Believe it or not, some people actually use their abs as a lure to the opposite sex. Worse yet, some think that if they never achieve six-pack definition, they are lacking a crucial element to hooking the right fish in the ocean of compatible mates.
In my columns about the core I try to change the way people see their core. I don’t want you to think of your entire core as just the superficial six-pack and to benchmark your fitness level based on whether you have them.
Abdominals are part of your core. Your entire core supports your every movement. The better your movements are, the more conditioned your core will be. This is why I advocate functional movements such as squats, dead lifts and presses. These movements give strength to your entire core.
If you are looking for that supershredded definition, then start looking at the dinner table. That may not be the answer you are looking for but it is the truth. I have been doing this fitness thing long enough to know that healthy foods at healthy intake levels will make healthy bodies, defined abs and all.
Besides the main functional movements, I like to throw in some accessory core exercises to give the core a little extra stimulus. The core stabilizes and loves to do it. The best exercises for transferring to movements are those that make the core stabilize.
Today’s exercises come out of gymnastics. Upon first glance at the pictures in today’s paper, the exercises look simple. I assure you there is more going on than what the pictures portray. Every muscle in Laura Salcedo’s body is centered around her spinal positioning.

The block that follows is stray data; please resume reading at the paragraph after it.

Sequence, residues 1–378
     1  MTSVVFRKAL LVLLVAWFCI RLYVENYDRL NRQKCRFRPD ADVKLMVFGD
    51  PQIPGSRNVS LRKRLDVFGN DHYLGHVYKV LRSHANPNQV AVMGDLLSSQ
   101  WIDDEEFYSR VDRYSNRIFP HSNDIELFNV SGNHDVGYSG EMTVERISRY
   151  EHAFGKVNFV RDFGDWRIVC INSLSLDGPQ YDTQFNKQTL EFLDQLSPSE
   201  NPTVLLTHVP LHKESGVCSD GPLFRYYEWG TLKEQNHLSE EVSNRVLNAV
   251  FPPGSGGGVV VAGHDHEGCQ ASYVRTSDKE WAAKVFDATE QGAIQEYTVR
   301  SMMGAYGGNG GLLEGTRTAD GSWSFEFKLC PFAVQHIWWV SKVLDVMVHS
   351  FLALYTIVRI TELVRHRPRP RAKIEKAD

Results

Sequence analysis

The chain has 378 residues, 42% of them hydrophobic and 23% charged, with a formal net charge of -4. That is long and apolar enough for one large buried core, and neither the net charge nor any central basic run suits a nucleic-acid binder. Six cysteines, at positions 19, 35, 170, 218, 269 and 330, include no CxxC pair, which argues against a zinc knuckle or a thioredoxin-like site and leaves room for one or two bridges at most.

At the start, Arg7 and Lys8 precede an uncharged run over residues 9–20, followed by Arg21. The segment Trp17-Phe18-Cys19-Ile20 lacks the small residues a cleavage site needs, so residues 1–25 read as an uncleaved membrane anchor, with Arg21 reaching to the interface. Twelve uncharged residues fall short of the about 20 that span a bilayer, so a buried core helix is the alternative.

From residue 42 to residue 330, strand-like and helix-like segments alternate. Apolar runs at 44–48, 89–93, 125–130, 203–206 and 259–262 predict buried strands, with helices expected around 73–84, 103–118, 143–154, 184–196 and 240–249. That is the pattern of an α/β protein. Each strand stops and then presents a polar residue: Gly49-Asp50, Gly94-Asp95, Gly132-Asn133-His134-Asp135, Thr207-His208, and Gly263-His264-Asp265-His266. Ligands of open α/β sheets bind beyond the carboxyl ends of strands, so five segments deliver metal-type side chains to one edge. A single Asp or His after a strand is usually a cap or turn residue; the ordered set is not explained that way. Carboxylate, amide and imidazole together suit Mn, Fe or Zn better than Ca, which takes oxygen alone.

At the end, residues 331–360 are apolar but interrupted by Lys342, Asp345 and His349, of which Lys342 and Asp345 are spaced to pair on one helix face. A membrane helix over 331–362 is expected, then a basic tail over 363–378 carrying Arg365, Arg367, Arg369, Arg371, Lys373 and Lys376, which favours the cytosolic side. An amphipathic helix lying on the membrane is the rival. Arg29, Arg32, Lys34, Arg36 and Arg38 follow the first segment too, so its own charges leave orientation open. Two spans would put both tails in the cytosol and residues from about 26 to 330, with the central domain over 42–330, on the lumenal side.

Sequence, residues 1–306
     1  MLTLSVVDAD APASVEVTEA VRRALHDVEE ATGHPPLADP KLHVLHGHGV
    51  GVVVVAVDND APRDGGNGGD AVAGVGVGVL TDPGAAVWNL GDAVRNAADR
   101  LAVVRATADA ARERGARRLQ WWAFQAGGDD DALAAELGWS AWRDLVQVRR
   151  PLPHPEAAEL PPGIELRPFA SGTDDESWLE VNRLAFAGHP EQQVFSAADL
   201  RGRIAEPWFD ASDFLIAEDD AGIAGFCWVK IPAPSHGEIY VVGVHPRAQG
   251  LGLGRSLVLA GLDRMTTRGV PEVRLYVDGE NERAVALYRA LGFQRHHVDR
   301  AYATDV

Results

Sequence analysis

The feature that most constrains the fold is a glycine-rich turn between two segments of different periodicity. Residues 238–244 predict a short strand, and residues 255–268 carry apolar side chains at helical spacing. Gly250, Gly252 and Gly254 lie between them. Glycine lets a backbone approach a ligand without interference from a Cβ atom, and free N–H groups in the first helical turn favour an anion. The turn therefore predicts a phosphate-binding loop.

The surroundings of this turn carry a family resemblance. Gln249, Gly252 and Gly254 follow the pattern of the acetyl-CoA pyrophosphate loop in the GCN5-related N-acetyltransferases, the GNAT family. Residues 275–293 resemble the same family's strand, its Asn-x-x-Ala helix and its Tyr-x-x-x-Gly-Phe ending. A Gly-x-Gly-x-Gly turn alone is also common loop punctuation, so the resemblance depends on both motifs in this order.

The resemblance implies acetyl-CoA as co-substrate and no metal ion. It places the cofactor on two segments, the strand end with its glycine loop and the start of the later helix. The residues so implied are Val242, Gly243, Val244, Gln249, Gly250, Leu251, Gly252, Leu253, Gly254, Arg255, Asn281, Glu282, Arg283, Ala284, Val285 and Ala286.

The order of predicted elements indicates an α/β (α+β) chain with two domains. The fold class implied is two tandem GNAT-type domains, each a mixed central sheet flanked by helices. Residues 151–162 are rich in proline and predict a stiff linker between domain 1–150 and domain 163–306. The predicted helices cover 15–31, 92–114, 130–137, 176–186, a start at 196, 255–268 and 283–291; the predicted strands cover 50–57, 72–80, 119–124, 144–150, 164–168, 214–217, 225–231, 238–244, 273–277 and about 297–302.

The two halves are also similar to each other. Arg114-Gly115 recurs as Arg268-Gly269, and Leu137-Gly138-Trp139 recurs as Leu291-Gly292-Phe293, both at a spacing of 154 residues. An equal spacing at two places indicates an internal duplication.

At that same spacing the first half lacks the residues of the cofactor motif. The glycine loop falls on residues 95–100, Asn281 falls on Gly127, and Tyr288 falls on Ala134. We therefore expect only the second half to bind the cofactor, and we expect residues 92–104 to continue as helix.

Take the hanging hollow body. Laura is not merely hanging from a bar until her grip gives out. Her upper back is contracted as part of keeping her shoulder blades locked tight around her spine. And that her elbows are pointing forward to put her arm in an externally rotated position. This puts her shoulder joint in a safe position to handle the load of her body.
Notice that her rib cage isn’t sticking out; it’s pulled down toward her hip bone. This keeps her back flat and out of lumbar extension. The lower half of her body is supported by the overlapping of her activated core musculature. If her core was not active you would see her lumbar overextended as her lower half hangs from the connective tissue around her spine. It doesn’t sound too comfy, does it?
Finally, Laura’s legs are not dangling or bent at the knees. They are straight and pointed slightly forward. This recruits the rest of the muscles in the front of her body and involves the posterior chain in stabilization.
I don’t want you to think that you need to be a rigid and overtight ball of muscle to accomplish this exercise. Just the contrary. All I’m looking for is enough muscle activation to hold your body from a bar for a few seconds. If all you can muster is 5 seconds, that is fine. Next week, try for 8 or 10 seconds. Work up to a minute hold or three sets of 20 seconds.
You will get good at this fast. If you find that your grip is a problem, address it. If you slip then use some chalk. There are powder and liquid kinds of chalk that fit easily into gym bags.
Sometimes the hands just can’t hold on because the forearms burn out too fast; you feel your hands and forearms aching long before your core ever fatigues. Try stretching the flexors and extensors of the forearms. Sporting goods stores also sell a variety of grip accessories: everything from quick-release wraps to hooks on wrist wraps. Try a few and see which works best for you.
The tuck version is a little more complicated. Sure, it is just raising the knees above the hip but it forces the abdominals, hip flexors and quads to work more. If you’re chronically tight in these areas, be sure to stretch and/or foam roll to combat the added tension of this exercise.
Chris Huth is a Las Vegas trainer. He can be reached at email@example.com. Consult your physician before beginning any exercise program.